Place a large pot containing 5 litres of salted water onto a high heat. When boiling add the penne. Reduce the heat a little but ensure that the pot is still boiling. The time depends on the pasta and you should refer to the instructions with the pack, but 10 minutes is a good guideline to start testing for dried pasta and about 4 minutes for fresh pasta.

When the pasta is done al dente, drain and return to the pot. Add the sauce, which by now should be lovely and thick, since most of the water will have evaporated, and mix well.

Serve immediately in warmed shallow bowls. Pasta doesn’t wait!

Split Pea Soup

Split Pea Soup

A real winter warmer or just perfect for the Irish summer! Familiar from northern and central Europe: Erbsensuppe in Germany; Ärtsoppa in Sweden. If you add a couple of Frankfurters/Wieners or a meatier sausage such as Bockwurst or Mettwurst you get what the Germans call an Eintopf or a one-pot meal. In Sweden split pea soup is traditionally served alongside pancakes and lingonberry sauce. Some people like to put a spoon of mustard on the lip of the bowl and take a small amount with each spoonful.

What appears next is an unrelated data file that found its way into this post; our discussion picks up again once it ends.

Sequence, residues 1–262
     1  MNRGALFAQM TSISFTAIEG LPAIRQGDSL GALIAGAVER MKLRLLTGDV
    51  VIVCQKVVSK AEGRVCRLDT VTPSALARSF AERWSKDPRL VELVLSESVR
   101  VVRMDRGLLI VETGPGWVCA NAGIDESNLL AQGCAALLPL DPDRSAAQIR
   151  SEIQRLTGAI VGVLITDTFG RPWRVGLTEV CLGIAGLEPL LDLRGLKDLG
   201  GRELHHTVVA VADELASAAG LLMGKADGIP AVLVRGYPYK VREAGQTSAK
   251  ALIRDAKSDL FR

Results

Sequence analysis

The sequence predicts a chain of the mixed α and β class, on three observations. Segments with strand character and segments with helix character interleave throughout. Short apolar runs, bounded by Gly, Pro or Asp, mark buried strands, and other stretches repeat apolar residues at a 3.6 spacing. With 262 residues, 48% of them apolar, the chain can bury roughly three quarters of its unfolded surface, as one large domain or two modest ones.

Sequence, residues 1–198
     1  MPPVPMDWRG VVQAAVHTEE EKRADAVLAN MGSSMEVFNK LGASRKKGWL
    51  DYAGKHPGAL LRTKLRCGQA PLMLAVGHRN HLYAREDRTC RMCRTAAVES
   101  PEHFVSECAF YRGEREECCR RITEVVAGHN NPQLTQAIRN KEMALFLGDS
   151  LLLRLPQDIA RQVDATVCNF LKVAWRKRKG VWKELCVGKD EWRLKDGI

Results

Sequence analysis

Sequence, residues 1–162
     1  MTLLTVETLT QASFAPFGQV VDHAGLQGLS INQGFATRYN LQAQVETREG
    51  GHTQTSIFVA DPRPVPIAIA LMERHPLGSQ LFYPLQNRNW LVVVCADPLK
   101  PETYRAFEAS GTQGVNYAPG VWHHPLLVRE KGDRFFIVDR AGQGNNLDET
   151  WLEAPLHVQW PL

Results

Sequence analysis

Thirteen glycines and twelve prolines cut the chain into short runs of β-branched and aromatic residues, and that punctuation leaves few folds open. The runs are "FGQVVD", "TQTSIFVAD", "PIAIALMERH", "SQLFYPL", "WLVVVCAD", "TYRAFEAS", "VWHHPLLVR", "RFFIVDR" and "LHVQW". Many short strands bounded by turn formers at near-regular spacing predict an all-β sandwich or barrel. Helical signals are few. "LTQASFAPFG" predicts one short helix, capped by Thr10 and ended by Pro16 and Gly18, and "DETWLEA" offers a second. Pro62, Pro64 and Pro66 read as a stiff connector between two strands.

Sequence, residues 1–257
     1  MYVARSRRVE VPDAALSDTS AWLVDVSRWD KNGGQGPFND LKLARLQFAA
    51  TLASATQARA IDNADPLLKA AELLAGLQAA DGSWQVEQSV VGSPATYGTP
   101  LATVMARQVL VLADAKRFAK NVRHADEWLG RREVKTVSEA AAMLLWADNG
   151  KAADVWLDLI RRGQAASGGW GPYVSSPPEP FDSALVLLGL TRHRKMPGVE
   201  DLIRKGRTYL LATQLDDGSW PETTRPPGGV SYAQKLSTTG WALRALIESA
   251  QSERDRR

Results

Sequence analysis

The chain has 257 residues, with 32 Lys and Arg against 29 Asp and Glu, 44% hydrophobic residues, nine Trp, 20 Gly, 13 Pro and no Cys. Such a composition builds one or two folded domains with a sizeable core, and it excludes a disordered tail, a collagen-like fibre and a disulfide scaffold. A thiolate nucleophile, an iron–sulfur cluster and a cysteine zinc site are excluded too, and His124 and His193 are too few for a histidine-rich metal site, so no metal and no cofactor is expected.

Summary

Makes: 2 mains or 4 starters
Preparation: 10 min
Cooking: 1 hour

Ingredients

250g
1
1
1
1 stick
200g
50g 

1 litre

Split green peas
Good-sized floury potato (such as Kerr’s Pink)
Medium onion
Medium carrot
Celery
Left-over ham or bacon (in one piece if possible)
Unsalted butter
Splash of oil
Water
Salt (probably not)
Pepper

Method

Rinse the peas and pick over to remove any grit. Chop the onions roughly. Dice the carrot and celery into pieces of similar size to the onion. Peel the potato and cut into 8 pieces.

In a medium sized saucepan melt the butter over a medium to low heat. Add a splash of oil (sunflower, olive, etc) to help stop the butter burning. Add the onion, carrot and celery. Cover and sweat for 10 minutes or so. Add the peas, potato and meat. Season with pepper and add water. Bring to a boil, lower the heat, cover and simmer gently for 45 minutes. At this stage the peas should still have the faintest bite of bite. Don’t let them go to a mush.